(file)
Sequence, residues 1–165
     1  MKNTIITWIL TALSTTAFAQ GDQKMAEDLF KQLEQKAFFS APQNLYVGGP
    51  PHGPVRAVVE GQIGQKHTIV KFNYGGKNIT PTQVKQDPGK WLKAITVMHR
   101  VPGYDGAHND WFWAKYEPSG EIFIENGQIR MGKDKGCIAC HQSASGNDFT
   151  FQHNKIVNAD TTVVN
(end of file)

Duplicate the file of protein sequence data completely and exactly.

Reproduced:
Sequence, residues 1–165
     1  MKNTIITWIL TALSTTAFAQ GDQKMAEDLF KQLEQKAFFS APQNLYVGGP
    51  PHGPVRAVVE GQIGQKHTIV KFNYGGKNIT PTQVKQDPGK WLKAITVMHR
   101  VPGYDGAHND WFWAKYEPSG EIFIENGQIR MGKDKGCIAC HQSASGNDFT
   151  FQHNKIVNAD TTVVN